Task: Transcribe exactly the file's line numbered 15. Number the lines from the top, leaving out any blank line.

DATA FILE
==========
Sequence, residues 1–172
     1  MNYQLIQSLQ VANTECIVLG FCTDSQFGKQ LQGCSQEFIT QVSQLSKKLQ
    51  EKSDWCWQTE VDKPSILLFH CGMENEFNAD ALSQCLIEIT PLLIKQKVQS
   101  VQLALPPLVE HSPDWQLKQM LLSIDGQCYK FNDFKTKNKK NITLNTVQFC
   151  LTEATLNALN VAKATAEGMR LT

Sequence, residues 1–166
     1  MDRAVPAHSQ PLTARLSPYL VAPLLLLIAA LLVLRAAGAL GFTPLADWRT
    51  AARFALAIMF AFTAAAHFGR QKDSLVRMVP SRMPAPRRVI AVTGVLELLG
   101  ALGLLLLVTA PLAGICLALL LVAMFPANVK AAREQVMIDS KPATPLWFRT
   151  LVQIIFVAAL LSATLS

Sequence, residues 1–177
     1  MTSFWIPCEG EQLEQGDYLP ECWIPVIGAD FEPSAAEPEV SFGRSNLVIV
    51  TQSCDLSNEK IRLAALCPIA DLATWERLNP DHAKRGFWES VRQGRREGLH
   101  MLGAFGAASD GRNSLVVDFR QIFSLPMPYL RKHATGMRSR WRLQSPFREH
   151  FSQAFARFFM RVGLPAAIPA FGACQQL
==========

   151  FSQAFARFFM RVGLPAAIPA FGACQQL